Are not thy waters sweeping, dark, and strong? Such as my feelings were and are, thou art;

And such as thou art were my passions long. Time may have somewhat tamed them,-not for ever; Thou overflow'st thy banks, and not for aye Thy bosom overboils, congenial river!

Thy floods subside, and mine have sunk away. But left long wrecks behind, and now again,

Borne in our old unchanged career, we move; Thou tendest wildly onwards to the main,

And I to loving one I should not love.

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This is to be a monarch, and repress
Envy into unutterable praise.

Dismiss thy guard, and trust thee to such traits,
For who would lift a hand, except to bless ?
Were it not easy, sir, and is 't not sweet
To make thyself beloved? and to be
Omnipotent by mercy's means? for thus

Thy sovereignty would grow but more complete; A despot thou, and yet thy people free, And by the heart, not hand, enslaving us.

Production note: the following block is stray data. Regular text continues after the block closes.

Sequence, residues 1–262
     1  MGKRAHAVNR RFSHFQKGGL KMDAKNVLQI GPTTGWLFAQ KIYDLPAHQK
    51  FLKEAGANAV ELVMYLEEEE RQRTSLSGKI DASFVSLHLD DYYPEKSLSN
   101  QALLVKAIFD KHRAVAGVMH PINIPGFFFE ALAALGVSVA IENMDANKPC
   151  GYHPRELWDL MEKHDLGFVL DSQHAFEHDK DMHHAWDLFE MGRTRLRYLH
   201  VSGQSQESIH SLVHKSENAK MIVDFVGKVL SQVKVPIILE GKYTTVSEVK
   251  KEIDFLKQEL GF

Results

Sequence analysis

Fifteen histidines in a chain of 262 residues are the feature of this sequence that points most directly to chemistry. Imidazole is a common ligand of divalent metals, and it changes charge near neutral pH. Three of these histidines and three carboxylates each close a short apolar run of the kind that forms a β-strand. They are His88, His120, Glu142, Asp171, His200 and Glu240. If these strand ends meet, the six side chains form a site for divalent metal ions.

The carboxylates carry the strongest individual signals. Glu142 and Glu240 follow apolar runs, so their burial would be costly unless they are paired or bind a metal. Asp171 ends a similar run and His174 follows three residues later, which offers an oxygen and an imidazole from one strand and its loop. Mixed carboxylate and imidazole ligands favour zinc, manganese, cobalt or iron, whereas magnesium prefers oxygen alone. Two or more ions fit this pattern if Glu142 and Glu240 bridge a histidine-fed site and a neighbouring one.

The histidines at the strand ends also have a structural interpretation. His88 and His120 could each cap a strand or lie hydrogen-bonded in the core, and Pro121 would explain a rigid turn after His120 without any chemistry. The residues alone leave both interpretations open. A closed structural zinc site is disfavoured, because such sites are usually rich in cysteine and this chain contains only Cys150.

Bologna, August 12. 1819. 1

EPIGRAM.

FROM THE FRENCH OF RULHIERES. 2

If, for silver or for gold,

You could melt ten thousand pimples
Into half a dozen dimples,

Then your face we might behold,

Looking, doubtless, much more snugly;
Yet even then 't would be d-d ugly.
August 12. 1819.

STANZAS. 3

COULD Love for ever
Run like a river,
And Time's endeavour
Be tried in vain-
No other pleasure
With this could measure;
And like a treasure

We'd hug the chain.
But since our sighing
Ends not in dying,
And, form'd for flying,
Love plumes his wing;

Then for this reason
Let's love a season;

But let that season be only Spring.

When lovers parted

Feel broken-hearted,

And, all hopes thwarted,
Expect to die ;

A few years older,
Ah! how much colder
They might behold her

For whom they sigh!
When link'd together,
In every weather,
They pluck Love's feather
From out his wing-

He'll stay for ever,
But sadly shiver

Without his plumage, when past the Spring. ♦

[A friend of Lord Byron's, who was with him at Ravenna when he wrote these Stanzas, says,-" They were composed, like many others, with no view of publication, but merely to relieve himself in a moment of suffering. He had been painfully excited by some circumstances which appeared to make it necessary that he should immediately quit Italy; and in the day and the hour that he wrote the song was labouring under an access of fever."]

[V. L."That sped his Spring."]